Trades course a 'lifesaver' for formerly homeless man
As a 21-year-old living rough in Christchurch, Amos Neate says he was "struggling to stay alive".
For three years he slept under bridges, stole clothes and washed himself in public bathrooms. He used to walk past construction sites and think to himself how he could do that.
"But I was on the streets worrying about what my next feed was, let alone trying to get a job," he said.
"To say I'm qualified now, five years ago, I wouldn't have thought I would end up here."
On Wednesday Neate, 28, graduated Ara Institute of Canterbury's He Toki course, a fee-free collaboration between the polytechnic, Ngai Tahu and industry focussed on trades careers for Maori and Pasifika.
He called his national certificate in carpentry, and ensuing apprenticeship with Hawkins Construction, the proudest achievement of his life.
"It's a lifesaver isn't it? It's altered the course of my life doing it."
Neate's mum, a bus driver, kicked the "black sheep" of the family out of home at age 16. He would see her working in town and beg her for food to no avail, he said.
"I remember when I was 17 my mum said I was on the road to jail. It's sort of something you don't forget easy and that's been a challenge, for us to settle the past."
But just as he was sorting his life out, she suggested he enrol in the course.
With no formal qualifications and $18,000 in debt the transition was difficult but the undertaking itself was harder.
Living on $200 a week, his long battle with depression reared its head. The last year of his apprenticeship especially took a toll and he would melt down and cry inexplicably.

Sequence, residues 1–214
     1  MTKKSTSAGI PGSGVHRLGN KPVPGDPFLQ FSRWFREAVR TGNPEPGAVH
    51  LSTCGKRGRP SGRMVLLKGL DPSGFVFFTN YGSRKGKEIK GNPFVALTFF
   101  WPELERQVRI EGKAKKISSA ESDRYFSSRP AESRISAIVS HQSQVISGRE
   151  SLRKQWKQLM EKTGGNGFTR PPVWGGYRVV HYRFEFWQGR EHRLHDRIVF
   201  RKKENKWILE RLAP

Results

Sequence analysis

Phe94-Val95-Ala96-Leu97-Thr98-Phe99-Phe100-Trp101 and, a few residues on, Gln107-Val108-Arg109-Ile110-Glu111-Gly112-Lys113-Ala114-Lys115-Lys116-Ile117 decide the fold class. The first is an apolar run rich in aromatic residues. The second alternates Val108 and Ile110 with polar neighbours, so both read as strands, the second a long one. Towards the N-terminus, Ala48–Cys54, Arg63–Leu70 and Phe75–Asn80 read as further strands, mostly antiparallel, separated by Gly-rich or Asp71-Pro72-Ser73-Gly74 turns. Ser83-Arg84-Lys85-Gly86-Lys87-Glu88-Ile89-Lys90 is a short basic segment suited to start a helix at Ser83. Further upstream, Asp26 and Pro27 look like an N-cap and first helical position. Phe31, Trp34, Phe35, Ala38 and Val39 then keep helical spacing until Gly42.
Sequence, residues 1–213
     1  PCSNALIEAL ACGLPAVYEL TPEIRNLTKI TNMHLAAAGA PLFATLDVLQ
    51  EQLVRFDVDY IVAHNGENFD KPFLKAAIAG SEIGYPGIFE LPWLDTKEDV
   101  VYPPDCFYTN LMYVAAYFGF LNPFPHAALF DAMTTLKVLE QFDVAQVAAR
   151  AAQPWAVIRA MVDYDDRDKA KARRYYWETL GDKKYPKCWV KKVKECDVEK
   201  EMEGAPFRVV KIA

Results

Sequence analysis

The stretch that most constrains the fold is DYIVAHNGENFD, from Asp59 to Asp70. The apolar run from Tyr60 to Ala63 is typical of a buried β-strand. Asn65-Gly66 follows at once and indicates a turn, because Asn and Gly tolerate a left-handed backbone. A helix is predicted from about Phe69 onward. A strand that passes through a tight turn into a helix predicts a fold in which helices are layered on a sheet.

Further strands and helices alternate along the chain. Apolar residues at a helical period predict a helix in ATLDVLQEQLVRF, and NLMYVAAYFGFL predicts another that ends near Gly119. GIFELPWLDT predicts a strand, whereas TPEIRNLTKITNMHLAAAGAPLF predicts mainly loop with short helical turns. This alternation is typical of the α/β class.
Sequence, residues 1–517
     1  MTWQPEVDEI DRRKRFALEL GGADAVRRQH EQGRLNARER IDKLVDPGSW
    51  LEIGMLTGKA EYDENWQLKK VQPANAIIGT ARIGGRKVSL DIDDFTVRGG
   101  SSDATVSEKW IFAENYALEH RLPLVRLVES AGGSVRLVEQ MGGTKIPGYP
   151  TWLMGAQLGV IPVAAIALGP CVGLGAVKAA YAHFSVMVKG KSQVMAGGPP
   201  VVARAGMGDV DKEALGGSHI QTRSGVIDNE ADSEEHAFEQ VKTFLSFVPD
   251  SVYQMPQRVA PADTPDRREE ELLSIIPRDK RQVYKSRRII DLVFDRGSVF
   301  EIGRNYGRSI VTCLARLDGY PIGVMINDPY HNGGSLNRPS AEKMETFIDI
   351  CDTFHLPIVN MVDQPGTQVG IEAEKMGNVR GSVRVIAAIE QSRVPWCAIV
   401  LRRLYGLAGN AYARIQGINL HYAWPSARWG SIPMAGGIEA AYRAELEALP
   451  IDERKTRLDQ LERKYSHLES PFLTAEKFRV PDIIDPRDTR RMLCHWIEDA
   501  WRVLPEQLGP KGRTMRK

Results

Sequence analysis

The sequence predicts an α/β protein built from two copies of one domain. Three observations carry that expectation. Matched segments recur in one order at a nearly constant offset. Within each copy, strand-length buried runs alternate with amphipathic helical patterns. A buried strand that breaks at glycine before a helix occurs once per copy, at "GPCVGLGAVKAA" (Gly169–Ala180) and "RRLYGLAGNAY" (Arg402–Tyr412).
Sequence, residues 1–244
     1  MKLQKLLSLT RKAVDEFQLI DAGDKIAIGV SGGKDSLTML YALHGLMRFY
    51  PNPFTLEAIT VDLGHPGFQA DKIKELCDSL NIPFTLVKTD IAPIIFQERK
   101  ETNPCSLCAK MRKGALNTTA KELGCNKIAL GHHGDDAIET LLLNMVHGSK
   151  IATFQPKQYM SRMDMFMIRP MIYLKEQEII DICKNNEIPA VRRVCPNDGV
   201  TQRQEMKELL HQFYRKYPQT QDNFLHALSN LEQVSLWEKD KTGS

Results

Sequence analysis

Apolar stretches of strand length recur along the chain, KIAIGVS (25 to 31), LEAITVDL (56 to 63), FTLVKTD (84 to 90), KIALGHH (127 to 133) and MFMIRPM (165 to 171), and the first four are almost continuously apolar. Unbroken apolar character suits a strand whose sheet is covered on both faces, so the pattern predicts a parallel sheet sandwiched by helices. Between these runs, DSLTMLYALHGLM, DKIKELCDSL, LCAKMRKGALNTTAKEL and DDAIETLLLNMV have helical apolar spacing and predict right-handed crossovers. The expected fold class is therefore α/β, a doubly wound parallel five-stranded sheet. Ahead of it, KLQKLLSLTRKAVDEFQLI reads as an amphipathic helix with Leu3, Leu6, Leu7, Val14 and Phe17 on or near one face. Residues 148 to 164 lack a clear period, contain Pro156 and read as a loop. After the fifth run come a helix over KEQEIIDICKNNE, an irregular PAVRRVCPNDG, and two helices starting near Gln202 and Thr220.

He also felt pressure from He Toki, as its first ever carpentry apprentice, to complete the course.
What kept him going, he said, was "hope of having a career and not just being a bum – a reason to actually live and not give up".
He's now building student accommodation on Madras Street for Hawkins and hopes to move on to a diploma in construction and eventually become a project manager. His apprenticeship showed he has the leadership skills to do it, he said.
Home ownership is in his future too: Neate's Kiwisaver boasts a healthy $27,000 balance he hopes to put towards a Kaiapoi or east Christchurch property.
He partially attributed his successes to Ara tutor Jim Keenan, who he said "deserves a medal really", for pushing him into the apprenticeship.
"He sort of inspired me in a way. His actions rubbed off on me and I was passionate about finishing the course and making him proud."
He recalled a guest lecture from Ngai Tahu leader Mark Solomon during the course.
"He said 'we want you to jump on the waka but we want you to stay on the waka.'"
"I feel like this isn't the end. To me, the job isn't done."